Activism: Fitch is a passionate advocate for education and social justice. She has taught literacy in the Arctic and Bhutan. In addition to participating in many readings and writers’ festivals in Canada, she has read all over the world in countries such as Uganda, Tanzania, Kenya, China, Belize, and Mexico. Her book, If You Could Wear My Sneakers, was written in association with UNICEF and includes poems about fifteen of the fifty-four articles of the United Nations Convention on the Rights of the Child.

Locally, Fitch is Honorary Spokesperson for the New Brunswick Coalition for Literacy and for the Nova Scotia Read to Me Program, which encourages and facilitates parents reading to their children. Fitch’s Kisses-Kisses Baby-O! was given to every newborn in Nova Scotia in 2008. Each year Fitch sponsors a writing competition for New Brunswick Youth for NB Writers Federation.

Writing Career: Fitch had her first child when she was seventeen and was a single mother of two children by the age of twenty-four. Her first book, Toes in my Noes, was written for her then two-year-old son, Jordan when she was twenty. After many rejections, during the time she was a single mother of two children, it was published ten years later. Since then she has published many books, and has most recently written an adult novel, Kiss The Joy as it Flies. Her young adult novel, The Gravesavers is currently being turned into a script for a movie.
Fitch believes that reading and writing are important to life. Fitch has “faith in the healing power of narrative and art. To heal. To whole. To tell—to connect. With an other.”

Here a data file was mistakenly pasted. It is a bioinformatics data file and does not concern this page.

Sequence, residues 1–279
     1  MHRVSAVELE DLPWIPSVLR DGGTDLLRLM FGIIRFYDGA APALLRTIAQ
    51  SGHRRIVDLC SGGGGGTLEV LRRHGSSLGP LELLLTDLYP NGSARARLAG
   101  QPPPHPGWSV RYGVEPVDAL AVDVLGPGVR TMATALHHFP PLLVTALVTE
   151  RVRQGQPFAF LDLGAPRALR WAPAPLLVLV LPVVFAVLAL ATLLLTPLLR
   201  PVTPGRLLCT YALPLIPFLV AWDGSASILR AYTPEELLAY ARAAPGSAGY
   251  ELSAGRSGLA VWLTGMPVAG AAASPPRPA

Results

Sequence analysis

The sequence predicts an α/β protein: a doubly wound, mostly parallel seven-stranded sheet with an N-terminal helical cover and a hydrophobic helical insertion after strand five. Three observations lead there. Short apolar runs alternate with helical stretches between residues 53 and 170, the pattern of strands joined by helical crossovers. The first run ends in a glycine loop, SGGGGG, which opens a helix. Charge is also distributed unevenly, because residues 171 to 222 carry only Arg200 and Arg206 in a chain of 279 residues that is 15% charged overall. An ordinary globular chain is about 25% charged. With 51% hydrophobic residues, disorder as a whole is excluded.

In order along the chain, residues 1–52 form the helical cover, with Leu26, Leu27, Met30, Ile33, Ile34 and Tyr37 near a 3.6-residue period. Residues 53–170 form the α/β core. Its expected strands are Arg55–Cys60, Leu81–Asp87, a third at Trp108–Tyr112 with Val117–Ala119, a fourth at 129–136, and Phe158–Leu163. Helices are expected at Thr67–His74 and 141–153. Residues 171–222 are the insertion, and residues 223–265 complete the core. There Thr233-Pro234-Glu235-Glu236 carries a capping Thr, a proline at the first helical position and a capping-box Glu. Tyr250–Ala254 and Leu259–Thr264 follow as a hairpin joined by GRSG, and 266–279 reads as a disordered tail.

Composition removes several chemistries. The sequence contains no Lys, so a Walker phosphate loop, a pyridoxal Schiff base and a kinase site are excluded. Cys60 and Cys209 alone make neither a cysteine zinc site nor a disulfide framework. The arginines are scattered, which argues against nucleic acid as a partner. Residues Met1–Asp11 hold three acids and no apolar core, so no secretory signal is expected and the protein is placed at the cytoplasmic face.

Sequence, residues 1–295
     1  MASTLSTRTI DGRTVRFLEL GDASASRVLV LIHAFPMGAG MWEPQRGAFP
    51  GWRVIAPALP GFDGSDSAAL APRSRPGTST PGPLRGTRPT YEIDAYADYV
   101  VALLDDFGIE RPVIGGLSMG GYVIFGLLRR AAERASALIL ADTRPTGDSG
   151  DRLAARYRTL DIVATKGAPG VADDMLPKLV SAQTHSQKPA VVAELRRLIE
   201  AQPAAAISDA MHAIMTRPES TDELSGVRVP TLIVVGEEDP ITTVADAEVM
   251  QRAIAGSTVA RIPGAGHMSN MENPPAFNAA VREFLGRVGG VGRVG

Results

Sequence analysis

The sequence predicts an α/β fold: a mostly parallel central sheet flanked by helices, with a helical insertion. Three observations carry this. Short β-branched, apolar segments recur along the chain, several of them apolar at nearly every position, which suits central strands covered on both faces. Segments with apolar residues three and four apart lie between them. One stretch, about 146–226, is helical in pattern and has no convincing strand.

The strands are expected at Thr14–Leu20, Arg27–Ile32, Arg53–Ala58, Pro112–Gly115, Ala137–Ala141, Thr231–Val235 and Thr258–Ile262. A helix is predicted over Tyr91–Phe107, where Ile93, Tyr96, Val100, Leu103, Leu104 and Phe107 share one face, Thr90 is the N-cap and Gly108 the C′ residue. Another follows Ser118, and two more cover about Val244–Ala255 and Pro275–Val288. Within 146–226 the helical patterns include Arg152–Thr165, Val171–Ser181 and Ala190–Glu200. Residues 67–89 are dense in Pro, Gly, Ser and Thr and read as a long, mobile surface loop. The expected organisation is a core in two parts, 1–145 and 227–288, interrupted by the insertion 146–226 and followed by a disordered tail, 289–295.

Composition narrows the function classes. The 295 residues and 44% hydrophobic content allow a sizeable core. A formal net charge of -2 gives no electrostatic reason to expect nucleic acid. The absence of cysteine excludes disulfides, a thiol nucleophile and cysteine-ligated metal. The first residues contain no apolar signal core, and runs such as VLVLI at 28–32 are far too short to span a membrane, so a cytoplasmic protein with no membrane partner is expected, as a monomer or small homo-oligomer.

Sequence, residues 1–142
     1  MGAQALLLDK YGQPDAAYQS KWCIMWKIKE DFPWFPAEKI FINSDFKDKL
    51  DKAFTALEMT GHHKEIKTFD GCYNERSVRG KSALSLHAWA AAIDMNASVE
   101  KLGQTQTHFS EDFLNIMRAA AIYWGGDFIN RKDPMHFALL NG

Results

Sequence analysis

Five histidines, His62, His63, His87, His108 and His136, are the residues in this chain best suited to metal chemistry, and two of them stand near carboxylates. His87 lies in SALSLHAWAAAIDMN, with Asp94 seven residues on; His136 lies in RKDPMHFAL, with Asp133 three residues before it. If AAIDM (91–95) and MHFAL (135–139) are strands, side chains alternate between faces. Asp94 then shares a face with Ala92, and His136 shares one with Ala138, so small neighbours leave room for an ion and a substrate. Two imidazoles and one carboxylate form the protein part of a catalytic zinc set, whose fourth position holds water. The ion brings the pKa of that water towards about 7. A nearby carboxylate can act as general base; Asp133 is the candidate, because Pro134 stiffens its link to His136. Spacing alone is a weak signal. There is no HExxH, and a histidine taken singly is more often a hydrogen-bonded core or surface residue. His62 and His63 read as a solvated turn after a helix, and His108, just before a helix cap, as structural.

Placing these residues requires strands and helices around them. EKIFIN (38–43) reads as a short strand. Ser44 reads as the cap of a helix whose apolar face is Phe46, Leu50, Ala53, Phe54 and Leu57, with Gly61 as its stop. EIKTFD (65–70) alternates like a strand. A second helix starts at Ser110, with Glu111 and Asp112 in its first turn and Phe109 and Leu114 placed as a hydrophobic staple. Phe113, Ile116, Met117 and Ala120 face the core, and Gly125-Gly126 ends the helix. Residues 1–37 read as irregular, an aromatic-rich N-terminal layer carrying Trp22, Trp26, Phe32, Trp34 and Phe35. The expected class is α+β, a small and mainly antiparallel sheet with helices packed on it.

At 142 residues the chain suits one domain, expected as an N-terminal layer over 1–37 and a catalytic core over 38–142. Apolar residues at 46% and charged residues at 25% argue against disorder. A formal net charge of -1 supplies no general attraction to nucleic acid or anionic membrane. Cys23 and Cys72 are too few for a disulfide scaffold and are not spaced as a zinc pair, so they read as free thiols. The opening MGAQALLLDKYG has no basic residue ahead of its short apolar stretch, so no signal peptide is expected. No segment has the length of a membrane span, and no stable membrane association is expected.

Fitch notes how she does not see the world in an overly cheerful, nonsensical way. Rather, nonsense is necessary precisely because life is so dark. Therefore, it has a redemptive quality: “People think that if you write nonsense, that’s how you see the world,” says Fitch. “I have a different theory: it’s actually a dance in the light in spite of the darkness. I started doing [children’s stories] at one of the lowest times of my life.” (Quill and Quire.)

In responding to questions about writing for children, Fitch clearly notes that writing for children should not be easy and should be held to the same standards as other literature because children, like adults, deserve good literature. She states that language should be used in a way that suits one’s readers: “Words, Words, Words. Not puerile or bombastic, pretentious, precious, or unnecessarily mellifluous just because like me you can become obsessed with word music or sometimes think you need to show off vocabulary skills to prove your worth as a writer. The right word. The only word. The cadence of words. Become a logophile. Fall in love with every letter of the alphabet and see how they slide and swoosh together in words. It's not just what you do with words or what they do for you it's what words do for your readers.”

Valerie Sherrard

Valerie (Russell) Sherrard was born in 1957 in Moose Jaw, Saskatchewan. She has lived in various provinces including Alberta and Ontario and currently resides in Mirimichi, New Brunswick, in a former funeral home with her husband, Brent, who is also a writer, and their cats. She has two children, Anthony and Pamela, and three stepchildren. Sherrard’s novel, Kate, about a fourteen-year-old dying of a brain tumour, is dedicated to Rebecca, her daughter who passed away at nineteen months of age. Sherrard was the director of a group home for teens for eleven years and has been a foster parent to over seventy teenagers.

As a child, Sherrard lived in Germany where her grade six teacher, Alf Lower, inspired her to write. Characters are important to her, and she will allow the voices of her characters to determine the direction of the plot. Sherrard gives presentations on writing and reading to youth in grades primary to twelve.

Sherrard enjoys reading, writing in the early morning, brain teasers and Sudoku, and playing chess and scrabble with her husband. She has too many favourite books to name, and her favourite movies include The Dead Poet’s Society and Pride and Prejudice.